The Volcanic Tableland lies at the meeting place of the Great Basin Desert to the north and the Mojave Desert to the south. The geologic forces that created the Tableland also created an oasis in these arid lands. The faulting action that lifted the East Side Bluff threw a huge block of land at its base down to the level of the water table, so that a rich wetland was formed.

Look closely into the bottoms of the pools at the north end of Fish Slough. The upwelling bubbles you may see are springs that feed the pools and replenish the marsh. Three perennial, free-flowing freshwater spring systems merge their waters to flow south toward the Owens River. The springs and their outflow are surrounded by wet marshlands. These, in turn, are bordered by seasonally wet alkali meadows, frosted with
a white crust of minerals left by evaporating water.

Because of the water in Fish Slough, there is a greater abundance of life here than in the surrounding desert. What differences in life can you see between Fish Slough and the Volcanic Tableland?

Lives in the Balance
Water is the key to the varied life found in Fish Slough. Outside the marsh, Great Basin and Mojave Desert plants survive extreme heat and cold with very little water. These hardy plants include shadscale, Parry saltbrush, four-wing saltbush, spiny hopsage, bud sage, Indian ricegrass, and desert trumpet. Seeds of annual plants lie dormant until a wet springtime when the Volcanic Tableland suddenly blooms with brilliant colors, including vast sweeps of the bright yellow Venus blazing-star.

This high desert habitat is home for many animals. You might see some of the more common ones: coyotes, black-tailed jackrabbits, white-tailed antelope squirrels, gopher snakes, rattlesnakes, desert spiny lizards, sage sparrows, rock wrens and mourning doves. The boulders and cliffs of the fault scarps offer excellent hunting, perching and nesting sites for golden eagles and prairie falcons.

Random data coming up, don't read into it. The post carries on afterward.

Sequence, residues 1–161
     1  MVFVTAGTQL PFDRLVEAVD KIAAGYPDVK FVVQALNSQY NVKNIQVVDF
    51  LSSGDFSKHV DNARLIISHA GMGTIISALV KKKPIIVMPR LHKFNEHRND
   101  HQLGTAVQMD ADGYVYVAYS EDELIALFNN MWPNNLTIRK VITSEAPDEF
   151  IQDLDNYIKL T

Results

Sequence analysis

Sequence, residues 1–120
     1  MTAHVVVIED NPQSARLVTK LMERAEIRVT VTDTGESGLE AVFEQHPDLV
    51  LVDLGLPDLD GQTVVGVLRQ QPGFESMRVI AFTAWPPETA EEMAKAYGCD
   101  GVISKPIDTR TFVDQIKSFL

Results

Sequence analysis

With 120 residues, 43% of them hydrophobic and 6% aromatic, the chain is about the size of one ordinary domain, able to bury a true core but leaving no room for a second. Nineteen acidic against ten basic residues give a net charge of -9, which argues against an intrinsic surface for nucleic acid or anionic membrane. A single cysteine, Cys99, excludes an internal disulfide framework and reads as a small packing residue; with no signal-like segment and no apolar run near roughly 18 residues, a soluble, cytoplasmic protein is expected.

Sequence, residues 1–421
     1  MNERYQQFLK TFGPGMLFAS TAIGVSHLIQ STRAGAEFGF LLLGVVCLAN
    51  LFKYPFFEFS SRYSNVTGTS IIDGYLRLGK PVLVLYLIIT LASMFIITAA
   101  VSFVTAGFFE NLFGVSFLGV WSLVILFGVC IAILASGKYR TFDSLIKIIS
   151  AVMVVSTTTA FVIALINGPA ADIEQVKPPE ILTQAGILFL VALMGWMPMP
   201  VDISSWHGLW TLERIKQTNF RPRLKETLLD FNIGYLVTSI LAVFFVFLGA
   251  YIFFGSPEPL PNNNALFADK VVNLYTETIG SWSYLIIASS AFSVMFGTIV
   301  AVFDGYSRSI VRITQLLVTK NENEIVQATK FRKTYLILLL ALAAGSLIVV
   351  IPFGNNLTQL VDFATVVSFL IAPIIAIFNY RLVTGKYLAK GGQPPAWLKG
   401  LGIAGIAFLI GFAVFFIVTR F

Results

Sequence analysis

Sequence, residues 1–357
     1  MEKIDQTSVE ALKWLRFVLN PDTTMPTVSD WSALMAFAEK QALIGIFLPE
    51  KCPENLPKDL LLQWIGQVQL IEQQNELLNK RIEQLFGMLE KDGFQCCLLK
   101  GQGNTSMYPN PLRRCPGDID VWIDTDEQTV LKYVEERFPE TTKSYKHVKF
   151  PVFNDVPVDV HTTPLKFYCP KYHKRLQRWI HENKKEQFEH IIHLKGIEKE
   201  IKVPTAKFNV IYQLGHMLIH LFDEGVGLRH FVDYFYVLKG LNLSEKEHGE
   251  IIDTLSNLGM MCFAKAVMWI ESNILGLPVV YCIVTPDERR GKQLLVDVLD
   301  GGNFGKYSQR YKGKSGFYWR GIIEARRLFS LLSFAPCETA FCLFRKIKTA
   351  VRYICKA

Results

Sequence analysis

Notice the change in the vegetation and animal life as you look from the high desert over to the marshland. The seasonally saturated alkali meadows support a rare community of plants adapted to the high alkalinity and varying water levels. At water's edge the vegetation changes to a type that is even more water-dependent. Bulrushes, cattails, sedges, willows and cottonwoods are a few of the plants that thrive here.

You can find wildlife here that depend on the marsh for at least part of their life cycle. Green-Winged and Cinnamon Teals, Mallards, Ruddy Ducks, Pintails and Gadwalls frequent the marsh, especially during spring and fall. Great Blue Herons, American Bitterns, Northern Harriers, Common Yellowthroats and Marsh Wrens also use the wetlands, and this oasis in the desert attracts rare migrating birds far from their usual home. You may also see raccoons or striped skunks wading in the shallows, or deer coming to drink.